Wednesday, 11 March 2009

workshop - writing up your DPhil or PhD thesis

My officemate persuaded me to go to this workshop, as we are both starting to think about the reality of the looming PhD thesis write up. This was the experiences of a post-doc researcher, on her writing up stage of her doctoral research.
Well worth going to this, even though we are both in our second year - I think that is the ideal time to go to a workshop like this as there is enough time to plan and consider, with the luxury of time still. Here's a summary of what was mentioned in the workshop, along with extra thoughts I had during the workshop.

General observations / motivation
  • Keep the end goal in mind
  • Whole process of writing up can maybe take 3 or 4 months or more, but if you do little bits as you go then it gets easier, and you can break it down a bit.
  • Enjoy the process of becoming an expert in your field!
  • Track progress to keep motivated, remember the bigger picture. Zoe suggested keeping a chart of progress on your desk as a visual representation of progress.
Planning and Organising the write-up
  • Always keep in mind the thread of your thesis, what story are you telling? Keep this prominent throughout.
  • Keep on looking for gaps in the story and aim for continuity
  • Keep records of what you do so you don't have to redo that work later
  • A useful software for graphs might be CollidaGraph (for mac) or Prism (for PC) (although Matlab seems pretty ok for my stuff so far)
  • Make a timetable, especially by working backwards from a deadline to make the time left seem more real. Factor in LOTS of extra time like printing time, admin, time for supervisors to give feedback, plus 'timeout' time in between reviews
  • For my two supervisors, is it worth giving them a chapter at a time or the thesis all in one go - closer to the time, double check what they prefer
  • Regular meetings with supervisors help to keep you on track, especially if you give them a piece of work each time and ask them to return the last piece of work at the same time?
  • Examiners - who do I want (I have some ideas for external examiners, not a clue for internal examiners)
  • Introduction chapter should be an introduction to this thesis, rather than a literature review, for example. Say what you're writing about, what's the story you're telling, your motivation for this study and summarise what's in the thesis.
  • Latex/Bibtex looks to be likely to save a LOT of hassle with formatting etc, especially if I can find a template for Sussex DPhil theses, which someone said might exist... (I've just spent a bit of time sorting out papers I've saved on my computer, and sorting out/updating a references bibtex page for these - at the time it felt like procrastination but actually now I think I'll find papers a lot easier)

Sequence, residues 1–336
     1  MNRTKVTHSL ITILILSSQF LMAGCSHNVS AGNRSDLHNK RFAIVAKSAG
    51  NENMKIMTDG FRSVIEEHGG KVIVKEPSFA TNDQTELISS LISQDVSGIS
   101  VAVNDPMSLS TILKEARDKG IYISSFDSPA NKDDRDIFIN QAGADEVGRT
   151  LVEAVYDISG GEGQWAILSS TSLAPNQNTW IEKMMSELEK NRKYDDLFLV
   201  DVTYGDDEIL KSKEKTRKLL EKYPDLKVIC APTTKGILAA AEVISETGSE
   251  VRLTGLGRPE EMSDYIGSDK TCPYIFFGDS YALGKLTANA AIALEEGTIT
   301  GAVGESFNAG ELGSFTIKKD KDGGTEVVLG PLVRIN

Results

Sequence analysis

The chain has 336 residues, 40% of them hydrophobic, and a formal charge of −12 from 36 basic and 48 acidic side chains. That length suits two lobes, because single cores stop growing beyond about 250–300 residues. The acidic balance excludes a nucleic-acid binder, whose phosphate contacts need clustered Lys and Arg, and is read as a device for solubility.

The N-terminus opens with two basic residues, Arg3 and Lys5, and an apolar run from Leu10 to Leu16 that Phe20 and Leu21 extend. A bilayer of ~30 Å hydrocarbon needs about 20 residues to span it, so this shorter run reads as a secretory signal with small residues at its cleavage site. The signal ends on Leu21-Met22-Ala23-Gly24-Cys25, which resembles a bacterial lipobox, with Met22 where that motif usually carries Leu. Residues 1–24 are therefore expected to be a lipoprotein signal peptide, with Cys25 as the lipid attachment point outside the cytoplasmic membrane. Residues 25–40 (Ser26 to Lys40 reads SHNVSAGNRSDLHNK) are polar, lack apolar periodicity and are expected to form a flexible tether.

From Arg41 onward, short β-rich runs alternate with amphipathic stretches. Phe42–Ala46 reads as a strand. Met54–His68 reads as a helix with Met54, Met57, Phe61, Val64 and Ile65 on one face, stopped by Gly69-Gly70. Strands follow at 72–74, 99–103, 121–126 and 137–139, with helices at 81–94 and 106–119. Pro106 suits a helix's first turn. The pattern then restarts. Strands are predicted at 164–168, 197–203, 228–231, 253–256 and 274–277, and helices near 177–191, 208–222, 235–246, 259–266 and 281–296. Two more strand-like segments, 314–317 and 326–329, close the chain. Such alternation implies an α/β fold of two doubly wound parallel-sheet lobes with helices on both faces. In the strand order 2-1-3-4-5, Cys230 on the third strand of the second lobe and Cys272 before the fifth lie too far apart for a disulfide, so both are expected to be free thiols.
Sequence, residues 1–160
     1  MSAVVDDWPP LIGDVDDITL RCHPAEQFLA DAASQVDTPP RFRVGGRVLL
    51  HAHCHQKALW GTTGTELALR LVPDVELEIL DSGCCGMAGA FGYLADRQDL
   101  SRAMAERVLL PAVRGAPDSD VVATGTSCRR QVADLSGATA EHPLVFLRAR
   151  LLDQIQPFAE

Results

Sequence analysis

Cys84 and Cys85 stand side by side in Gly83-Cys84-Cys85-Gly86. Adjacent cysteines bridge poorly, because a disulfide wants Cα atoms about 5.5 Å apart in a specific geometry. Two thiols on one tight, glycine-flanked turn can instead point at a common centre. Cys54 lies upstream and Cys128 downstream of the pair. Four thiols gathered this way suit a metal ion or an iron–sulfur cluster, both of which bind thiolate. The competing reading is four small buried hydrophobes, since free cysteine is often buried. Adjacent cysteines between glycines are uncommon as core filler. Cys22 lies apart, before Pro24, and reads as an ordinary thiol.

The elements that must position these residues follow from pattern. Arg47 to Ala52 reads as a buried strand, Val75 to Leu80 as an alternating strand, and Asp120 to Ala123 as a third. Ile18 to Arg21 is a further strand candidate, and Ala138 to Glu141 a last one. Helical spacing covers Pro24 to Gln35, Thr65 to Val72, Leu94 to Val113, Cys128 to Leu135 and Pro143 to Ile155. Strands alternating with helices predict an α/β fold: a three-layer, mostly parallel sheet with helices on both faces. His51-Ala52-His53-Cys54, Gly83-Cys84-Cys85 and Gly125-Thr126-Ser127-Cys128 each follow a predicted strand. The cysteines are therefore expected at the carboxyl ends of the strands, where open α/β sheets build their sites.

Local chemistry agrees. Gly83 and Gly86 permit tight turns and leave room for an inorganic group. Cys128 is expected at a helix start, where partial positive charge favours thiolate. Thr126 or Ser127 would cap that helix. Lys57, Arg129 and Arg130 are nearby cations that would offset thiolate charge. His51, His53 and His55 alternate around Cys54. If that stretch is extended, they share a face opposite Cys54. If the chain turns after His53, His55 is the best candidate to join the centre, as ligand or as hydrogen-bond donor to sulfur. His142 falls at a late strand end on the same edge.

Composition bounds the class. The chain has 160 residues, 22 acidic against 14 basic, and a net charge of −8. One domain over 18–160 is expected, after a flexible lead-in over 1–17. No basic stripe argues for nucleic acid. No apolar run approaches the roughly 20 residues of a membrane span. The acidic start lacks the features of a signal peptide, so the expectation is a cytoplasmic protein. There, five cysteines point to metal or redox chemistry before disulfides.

• Get started with whatever chapter seems easiest. Break everything down into chunks
  • The thesis isn't a descriptive account of the last three years' work, its a coherent description of a fully mature research project
  • Save each chapter separately with an annotation of date for that version and probably the filename its stored under as well - as a footer for each page, perhaps?
  • Check university formatting rules (so that template for latex would be amazing, if it exists?)
  • Before the first draft, make a VERY detailed chapter plan. Break it down into chunks that are clearly defined in scope. Max 3 levels of subheadings was recommended.
  • Concentrate the initial effort on thesis structure rather than on the detail in the text of the first draft - as the text is likely to be revised considerably in later drafts. Just write a draft and get it onto paper
  • Writing style: Keep It Simple Stupid! Be concise and don't talk a load of circular woffle. Don't try to sound clever... Active voice is often better than passive voice.
  • For a bit of variety in the writing, vary the length of the sentences (particularly if this tends to be quite uniform).
  • How can I use pictures/graphs/tables/other visuals most effectively? The whole 'picture paints a thousand words' thing comes into mind here...
  • Pay attention to little details - it suggests the work being described has been approached in a similar vein
  • Lengthwise - about 200 pages is a ballpark figure. Decent chunk of words (maybe 10,000) for the introduction, similar for the discussion (maybe 7000)
  • Make sure each part fits together as a story, refer between sections as necessary (without making the reader flit back and forth constantly
  • Worth talking to previous DPhil students about the process - not well documented
  • At least 2 months before submission, hand an 'intention to submit' form in with an abstract (to allow the university to contact potential examiners and sort out any difficulties)
  • Useful contact at Sussex House: Penny King
  • Initially hand in 3 soft bound copies and make a further copy for yourself for the viva.
  • Then if the viva is successful, after corrections, hard bound copies get done.

1 comment:

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